Arianism receives its name from Arius, a Christian priest of Alexandria who taught that the Son of God, the second person of the Trinity, is not God in the same sense as the Father. He believed that the Son of God did exist before time, but that the Father created him and therefore the Son of God is not eternal like the Father. Arius was accustomed to say of the Son of God:
“There was a time when he was not.”
When the bishop Alexander opposed Arius, he took his case to Eusebius, bishop of Nicomedia, who had the ear of Emperor Constantine the Great. In order to put an end to the disputes that arose because of Arius’s teaching, Constantine called for a general council that met at Nicaea in 325 c.e. Arius and his followers were condemned by 318 bishops at Nicaea who also drew up a creed laying down the orthodox view of the Trinity. Known as the Nicene Creed, it states that the Son of God is
“God from God, Light from Light, True God from True God, begotten not made, consubstantial with the Father . . .”
The term used to express the idea that the Son of God is consubstantial, or of the “same substance,” as the Father, homoousios, became a rallying cry for the orthodox side, expressing the unity of nature between the Father and the Son of God.
The years following the Council of Nicaea were turbulent, in which many groups opposed the teaching of the council. The reason Arianism continued to exert influence after its condemnation was due in large part to the emperors of this period. Some were openly sympathetic to this heresy, while others—wanting political peace and unity in the empire—tried to force compromises that were unacceptable to those fighting for the Son of God’s equality with the Father. Some bishops were orthodox in their understanding of the Son of God as truly God, but they were opposed to the word homoousios because they could not find it in scripture. Others feared that the word smacked of Sabellianism—an earlier heresy that had made no ultimate distinction between the Father and the Son of God, holding that the divine persons were merely different modes of being God.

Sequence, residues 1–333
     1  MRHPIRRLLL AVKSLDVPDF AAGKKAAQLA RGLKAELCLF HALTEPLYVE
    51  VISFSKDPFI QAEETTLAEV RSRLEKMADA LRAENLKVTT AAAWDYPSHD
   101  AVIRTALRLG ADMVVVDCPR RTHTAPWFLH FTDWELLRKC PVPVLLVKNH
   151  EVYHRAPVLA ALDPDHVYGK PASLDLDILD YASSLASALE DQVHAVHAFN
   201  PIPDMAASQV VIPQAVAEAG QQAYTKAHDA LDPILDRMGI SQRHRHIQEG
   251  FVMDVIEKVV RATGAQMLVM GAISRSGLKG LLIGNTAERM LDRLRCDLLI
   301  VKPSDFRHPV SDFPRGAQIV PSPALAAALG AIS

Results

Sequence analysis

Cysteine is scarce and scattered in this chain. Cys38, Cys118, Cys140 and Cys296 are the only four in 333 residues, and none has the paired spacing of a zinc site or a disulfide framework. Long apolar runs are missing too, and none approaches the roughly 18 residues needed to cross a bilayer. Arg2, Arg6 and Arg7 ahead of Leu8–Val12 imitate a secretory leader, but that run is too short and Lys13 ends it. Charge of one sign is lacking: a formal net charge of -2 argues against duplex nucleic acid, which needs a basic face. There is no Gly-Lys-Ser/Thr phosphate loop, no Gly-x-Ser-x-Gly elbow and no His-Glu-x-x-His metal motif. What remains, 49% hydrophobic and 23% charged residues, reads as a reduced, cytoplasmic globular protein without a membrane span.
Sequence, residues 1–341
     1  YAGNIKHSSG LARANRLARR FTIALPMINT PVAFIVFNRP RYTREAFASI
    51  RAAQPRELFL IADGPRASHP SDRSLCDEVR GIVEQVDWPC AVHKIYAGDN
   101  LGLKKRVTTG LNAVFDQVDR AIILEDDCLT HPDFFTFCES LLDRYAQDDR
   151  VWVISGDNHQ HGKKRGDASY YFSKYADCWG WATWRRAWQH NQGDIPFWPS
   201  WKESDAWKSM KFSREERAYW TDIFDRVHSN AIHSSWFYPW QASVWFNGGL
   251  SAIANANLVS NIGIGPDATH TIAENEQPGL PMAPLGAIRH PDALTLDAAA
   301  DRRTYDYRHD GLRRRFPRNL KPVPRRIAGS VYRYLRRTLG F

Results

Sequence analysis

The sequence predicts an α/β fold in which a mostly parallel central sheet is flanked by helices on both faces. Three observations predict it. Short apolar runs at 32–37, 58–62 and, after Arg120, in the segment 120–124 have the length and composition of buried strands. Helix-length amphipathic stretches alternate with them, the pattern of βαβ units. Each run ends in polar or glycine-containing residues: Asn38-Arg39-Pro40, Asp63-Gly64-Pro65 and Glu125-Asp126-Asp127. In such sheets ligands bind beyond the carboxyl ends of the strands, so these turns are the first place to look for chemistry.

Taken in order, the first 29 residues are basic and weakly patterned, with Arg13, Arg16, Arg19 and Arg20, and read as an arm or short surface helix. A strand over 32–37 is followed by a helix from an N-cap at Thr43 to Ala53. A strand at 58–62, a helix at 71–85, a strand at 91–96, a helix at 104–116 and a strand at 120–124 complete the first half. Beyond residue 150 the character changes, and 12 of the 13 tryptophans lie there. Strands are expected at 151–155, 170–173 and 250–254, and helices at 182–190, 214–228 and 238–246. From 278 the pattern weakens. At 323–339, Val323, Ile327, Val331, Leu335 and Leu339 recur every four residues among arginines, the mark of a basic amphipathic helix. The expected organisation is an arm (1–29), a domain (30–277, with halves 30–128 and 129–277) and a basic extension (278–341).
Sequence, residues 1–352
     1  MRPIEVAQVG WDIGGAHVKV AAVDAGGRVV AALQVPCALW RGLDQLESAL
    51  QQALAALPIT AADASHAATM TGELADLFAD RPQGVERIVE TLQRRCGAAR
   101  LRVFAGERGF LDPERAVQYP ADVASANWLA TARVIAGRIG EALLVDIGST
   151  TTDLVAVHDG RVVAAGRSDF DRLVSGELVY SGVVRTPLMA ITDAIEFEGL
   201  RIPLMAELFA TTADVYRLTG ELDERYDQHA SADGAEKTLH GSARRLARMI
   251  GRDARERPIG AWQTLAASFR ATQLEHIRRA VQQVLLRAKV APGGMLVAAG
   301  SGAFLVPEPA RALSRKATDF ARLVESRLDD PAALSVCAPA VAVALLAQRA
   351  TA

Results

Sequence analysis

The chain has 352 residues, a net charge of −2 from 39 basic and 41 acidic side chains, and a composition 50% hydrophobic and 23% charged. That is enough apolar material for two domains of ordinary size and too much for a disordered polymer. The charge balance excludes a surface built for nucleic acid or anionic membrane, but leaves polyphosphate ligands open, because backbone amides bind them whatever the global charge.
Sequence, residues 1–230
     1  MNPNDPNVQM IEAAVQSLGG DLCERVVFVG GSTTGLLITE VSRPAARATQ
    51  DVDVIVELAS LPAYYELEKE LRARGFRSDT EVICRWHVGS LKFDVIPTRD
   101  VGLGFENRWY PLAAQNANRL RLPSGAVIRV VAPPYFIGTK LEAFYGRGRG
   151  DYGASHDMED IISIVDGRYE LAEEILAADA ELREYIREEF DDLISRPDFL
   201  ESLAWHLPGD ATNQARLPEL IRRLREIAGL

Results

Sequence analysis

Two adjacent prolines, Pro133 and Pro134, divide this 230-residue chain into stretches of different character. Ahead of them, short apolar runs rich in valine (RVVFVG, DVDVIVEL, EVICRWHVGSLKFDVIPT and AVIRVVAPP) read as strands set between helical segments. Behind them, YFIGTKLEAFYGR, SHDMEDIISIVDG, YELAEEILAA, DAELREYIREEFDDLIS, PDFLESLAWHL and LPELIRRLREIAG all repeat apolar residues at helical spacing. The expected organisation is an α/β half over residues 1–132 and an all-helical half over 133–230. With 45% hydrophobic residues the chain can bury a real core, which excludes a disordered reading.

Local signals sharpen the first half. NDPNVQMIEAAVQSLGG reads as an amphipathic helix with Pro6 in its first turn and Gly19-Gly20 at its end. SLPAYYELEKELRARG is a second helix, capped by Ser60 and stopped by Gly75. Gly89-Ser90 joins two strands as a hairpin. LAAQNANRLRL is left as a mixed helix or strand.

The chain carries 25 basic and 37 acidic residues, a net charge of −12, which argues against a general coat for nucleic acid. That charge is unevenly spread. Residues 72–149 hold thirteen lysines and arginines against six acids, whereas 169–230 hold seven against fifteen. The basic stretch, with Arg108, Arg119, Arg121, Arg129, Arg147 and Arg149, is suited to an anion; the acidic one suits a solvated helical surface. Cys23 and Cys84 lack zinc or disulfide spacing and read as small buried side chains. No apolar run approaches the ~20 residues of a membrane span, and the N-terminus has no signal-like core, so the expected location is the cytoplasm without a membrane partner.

The defender of the orthodox position was Athanasius, the successor to Alexander in the diocese of Alexandria. Athanasius vigorously opposed all forms of Arianism, teaching that the Son must be God in the fullest sense since he reunites us to God through his death on the cross. One who is not truly God, he argued, cannot bring us a share in the divine life. Athanasius went into exile five times for his indefatigable defense of Nicaea. A synod held under his presidency in Alexandria in 362 rallied together the orthodox side after clearing up misunderstandings due to terminology. This synod, along with the efforts of the Cappadocians, theologians who took up the banner of orthodoxy after Athanasius’s death, paved the way for the Council of Constantinople in 381, which reaffirmed the Nicene Creed and its condemnation of Arianism.
- Ayres, Lewis. Nicaea and Its Legacy: An Approach to Fourth-Century Trinitarian Theology. Oxford: Oxford University Press, 2004;
- Williams, Rowan. Arius: Heresy and Tradition. London: Darton, Longman and Todd, 1987.